Review: Wire - "Red Barked Tree"
In the early days, Wire were the unchallenged masters of minimal - fifteen of the twenty-one songs on their 1976 debut, Pink Flag, were under two minutes, with six coming in at under one minute. Working within that time frame, the band could rarely fit more than a few chords into a single composition. This was a good thing. Only a third of the songs on the the follow-up, Chairs Missing, were under the two-minute mark, and by the third album there were none. Naturally, a band needs to progress, expand, challenge themselves, but in Wire's case, less was more.
Wire returned from a five-year hiatus in 1985 armed with synthesizers and drum machines and gave us The Ideal Copy, taking cues from New Order along the way. They toured in support of the record, but refused to play any of their older material, instead bringing a Wire cover band along to throw fans that particular bone. A subsequent album featured an eleven-minute song. In 1990, original drummer Robert Gotobed left the band, having grown weary of their use of loops and electronics (and let's not forget eleven-minute songs!). He returned in 1999, as did the band's balls.
Preceded by a few EPs, the astonishing Send displayed four very angry older men seemingly releasing years of pent-up aggression. It was nearly as great, even if very different, as the band in its prime. On the next album, Object 47, guitarist and champion of Wire's noisier excursions, Paul Gilbert, was out of the picture and the melodic side took over, the rough edges sanded down to smooth.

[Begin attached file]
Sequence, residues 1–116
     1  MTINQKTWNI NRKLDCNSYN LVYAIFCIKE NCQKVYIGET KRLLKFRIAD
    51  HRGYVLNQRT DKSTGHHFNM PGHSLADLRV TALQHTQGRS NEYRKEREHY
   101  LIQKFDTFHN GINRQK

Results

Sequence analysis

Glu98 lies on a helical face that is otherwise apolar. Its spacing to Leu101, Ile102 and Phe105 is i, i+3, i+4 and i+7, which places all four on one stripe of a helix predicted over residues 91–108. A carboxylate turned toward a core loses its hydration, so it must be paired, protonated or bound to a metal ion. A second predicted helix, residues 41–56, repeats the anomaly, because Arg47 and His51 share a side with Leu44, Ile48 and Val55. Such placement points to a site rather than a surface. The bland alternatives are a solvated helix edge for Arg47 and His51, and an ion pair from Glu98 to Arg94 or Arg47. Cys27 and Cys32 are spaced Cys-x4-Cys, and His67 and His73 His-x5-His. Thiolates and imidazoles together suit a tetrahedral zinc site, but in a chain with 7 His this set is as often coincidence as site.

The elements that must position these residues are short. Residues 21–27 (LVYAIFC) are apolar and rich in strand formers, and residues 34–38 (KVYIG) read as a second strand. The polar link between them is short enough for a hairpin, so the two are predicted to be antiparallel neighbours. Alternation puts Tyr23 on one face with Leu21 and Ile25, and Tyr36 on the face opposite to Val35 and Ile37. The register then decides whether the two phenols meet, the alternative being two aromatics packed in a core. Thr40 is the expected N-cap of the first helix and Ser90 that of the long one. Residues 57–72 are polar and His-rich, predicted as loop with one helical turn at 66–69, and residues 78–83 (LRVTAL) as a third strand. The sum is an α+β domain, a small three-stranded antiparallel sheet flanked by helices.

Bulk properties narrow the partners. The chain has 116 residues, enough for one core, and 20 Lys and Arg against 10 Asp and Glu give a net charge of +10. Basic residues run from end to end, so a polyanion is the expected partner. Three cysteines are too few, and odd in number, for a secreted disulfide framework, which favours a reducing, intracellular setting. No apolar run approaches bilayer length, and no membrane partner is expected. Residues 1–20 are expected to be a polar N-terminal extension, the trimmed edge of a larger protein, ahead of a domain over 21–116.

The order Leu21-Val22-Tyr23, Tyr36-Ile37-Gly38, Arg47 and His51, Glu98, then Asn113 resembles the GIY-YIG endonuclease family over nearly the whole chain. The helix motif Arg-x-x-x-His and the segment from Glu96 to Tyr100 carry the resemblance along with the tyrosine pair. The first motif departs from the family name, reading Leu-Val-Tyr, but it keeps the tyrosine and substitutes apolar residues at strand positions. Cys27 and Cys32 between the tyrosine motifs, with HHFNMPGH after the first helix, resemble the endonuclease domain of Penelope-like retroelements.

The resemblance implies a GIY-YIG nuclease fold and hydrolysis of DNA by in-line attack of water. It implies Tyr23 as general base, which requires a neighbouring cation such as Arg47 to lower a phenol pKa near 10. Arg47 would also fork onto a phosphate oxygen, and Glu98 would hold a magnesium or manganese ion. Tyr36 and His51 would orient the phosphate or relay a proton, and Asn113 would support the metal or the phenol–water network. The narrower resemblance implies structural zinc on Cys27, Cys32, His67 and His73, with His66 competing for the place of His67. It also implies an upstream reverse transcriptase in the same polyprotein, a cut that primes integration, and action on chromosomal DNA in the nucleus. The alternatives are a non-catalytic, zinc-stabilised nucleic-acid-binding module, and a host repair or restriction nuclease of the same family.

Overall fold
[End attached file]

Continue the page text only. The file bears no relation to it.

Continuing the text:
And today there's Red Barked Tree, in which brief squalls of ferocity sit uneasily with the more tuneful elements of Wire. Potential contemporary hits like "Adapt" - a sweeping, majestic, acoustic hummer - patiently share space with bone-rattling, industrial two-chord bashers with fuzzed-out vocals (e.g., "Two Minutes" and "Moreover") - as if they were kids from the previous marriage. In the middle ground we have "A Flat Tent," which delivers a couple minutes of Buzzcocks-flavored punk-pop, and "Clay," where the vocal melody pours sugar on top of a fairly pedestrian, though catchy, progression. Opener "Please Take" could well be a lost Simple Minds track except that singer Colin Newman is politely requesting "please take your knife out of my back" and "fuck off, out of my face," rather than "don't you forget about me." The longer songs near the end get a bit tedious, as Wire still rarely goes beyond two or three chords to get their point across, but all in all there's enough quality and variety in Red Barked Tree to please the old fans and attract some new ones as well.